• Some of the best practices that can prevent cross-contamination include frequent handwashing and proper segregation of cooked and uncooked foods to prevent direct contact. As an example, keep raw poultry, meats, unwashed fruits, and eggs separate from bread and other ready-to-eat foods.

  • What are the most basic food safety practices?

    • The key practices to achieve food safety include (1) maintaining cleanliness and personal hygiene, (2) properly cooking food to the correct internal temperature, (3) storing foods at a safe temperature (refrigerated temperatures or hot-holding), (4) keeping raw and cooked foods separate, and (5) ensure clean raw materials.

  • What are the principles of food safety?

    • The four main principles of food safety are to Clean, Chill, Store, and Cook food properly to control food safety hazards.

  • What is a food hazard?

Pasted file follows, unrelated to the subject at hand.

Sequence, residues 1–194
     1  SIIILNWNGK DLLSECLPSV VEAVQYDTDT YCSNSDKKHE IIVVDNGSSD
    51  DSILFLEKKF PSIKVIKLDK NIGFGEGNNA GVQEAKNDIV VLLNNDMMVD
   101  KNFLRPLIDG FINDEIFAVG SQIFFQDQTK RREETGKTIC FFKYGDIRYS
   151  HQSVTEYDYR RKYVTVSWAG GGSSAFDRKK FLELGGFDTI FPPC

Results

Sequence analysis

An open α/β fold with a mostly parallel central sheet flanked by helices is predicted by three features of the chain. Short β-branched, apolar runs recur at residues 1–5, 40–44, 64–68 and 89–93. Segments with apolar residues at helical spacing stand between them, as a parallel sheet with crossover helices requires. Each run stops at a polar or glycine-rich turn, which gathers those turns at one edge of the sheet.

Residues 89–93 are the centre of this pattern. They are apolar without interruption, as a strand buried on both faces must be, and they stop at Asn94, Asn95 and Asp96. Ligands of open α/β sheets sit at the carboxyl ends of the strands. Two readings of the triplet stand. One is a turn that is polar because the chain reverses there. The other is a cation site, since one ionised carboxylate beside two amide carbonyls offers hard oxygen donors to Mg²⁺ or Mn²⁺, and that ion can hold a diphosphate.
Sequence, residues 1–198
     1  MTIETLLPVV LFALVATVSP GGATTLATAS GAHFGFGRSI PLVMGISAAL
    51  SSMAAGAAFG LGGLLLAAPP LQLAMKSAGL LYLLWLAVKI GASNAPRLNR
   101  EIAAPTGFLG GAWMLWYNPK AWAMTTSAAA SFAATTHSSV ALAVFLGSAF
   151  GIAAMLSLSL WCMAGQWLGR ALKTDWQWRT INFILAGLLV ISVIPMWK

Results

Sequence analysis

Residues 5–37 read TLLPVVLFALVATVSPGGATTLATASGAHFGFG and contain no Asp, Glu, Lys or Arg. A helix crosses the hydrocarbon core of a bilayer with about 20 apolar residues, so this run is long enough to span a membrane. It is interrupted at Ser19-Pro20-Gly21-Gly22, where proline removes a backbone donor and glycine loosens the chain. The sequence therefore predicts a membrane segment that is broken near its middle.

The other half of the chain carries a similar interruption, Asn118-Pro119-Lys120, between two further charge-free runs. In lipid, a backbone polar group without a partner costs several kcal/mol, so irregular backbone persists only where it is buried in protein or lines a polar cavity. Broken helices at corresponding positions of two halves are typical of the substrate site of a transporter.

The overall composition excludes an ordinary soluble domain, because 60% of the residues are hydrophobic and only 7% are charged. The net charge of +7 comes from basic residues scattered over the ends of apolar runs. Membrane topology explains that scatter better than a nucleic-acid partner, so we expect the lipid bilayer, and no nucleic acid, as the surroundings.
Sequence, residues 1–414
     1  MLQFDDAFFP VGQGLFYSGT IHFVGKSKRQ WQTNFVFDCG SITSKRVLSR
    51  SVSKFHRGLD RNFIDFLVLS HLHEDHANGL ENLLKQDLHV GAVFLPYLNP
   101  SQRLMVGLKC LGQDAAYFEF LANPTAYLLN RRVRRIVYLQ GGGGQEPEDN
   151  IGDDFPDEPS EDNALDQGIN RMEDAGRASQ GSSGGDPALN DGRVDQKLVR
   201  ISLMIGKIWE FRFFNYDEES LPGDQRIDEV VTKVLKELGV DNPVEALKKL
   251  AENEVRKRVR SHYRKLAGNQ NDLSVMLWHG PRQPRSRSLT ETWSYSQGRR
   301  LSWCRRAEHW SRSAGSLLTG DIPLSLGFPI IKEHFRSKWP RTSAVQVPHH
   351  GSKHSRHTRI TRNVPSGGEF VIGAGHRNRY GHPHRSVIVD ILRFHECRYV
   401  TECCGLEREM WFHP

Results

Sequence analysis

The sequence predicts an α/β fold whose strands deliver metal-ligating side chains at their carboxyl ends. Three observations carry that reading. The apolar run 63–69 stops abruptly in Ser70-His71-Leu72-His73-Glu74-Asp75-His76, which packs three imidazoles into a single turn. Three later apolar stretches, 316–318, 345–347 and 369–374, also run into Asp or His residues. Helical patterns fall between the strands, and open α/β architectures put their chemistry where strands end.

• A food or health hazard is any article that could contaminate food products at any point of the food processing operations and can cause foodborne illnesses and other food-related injuries.

  • What are the 3 types of hazards?

    • The three main types of hazards include biological, physical, and chemical hazards. In recent developments, long-term exposure to radiological has been considered a major concern for people with weak immune systems in addition to allergen hazards.

  • A food handler's duties regarding food safety include all of the following practices except:

    • Food safety testing samples for microbiological soundness. 
    • Conducting food inspections and audits based on food safety. 
    • Submitting complaints directly to the food agencies.
    • Serving or directly distributing food to consumers.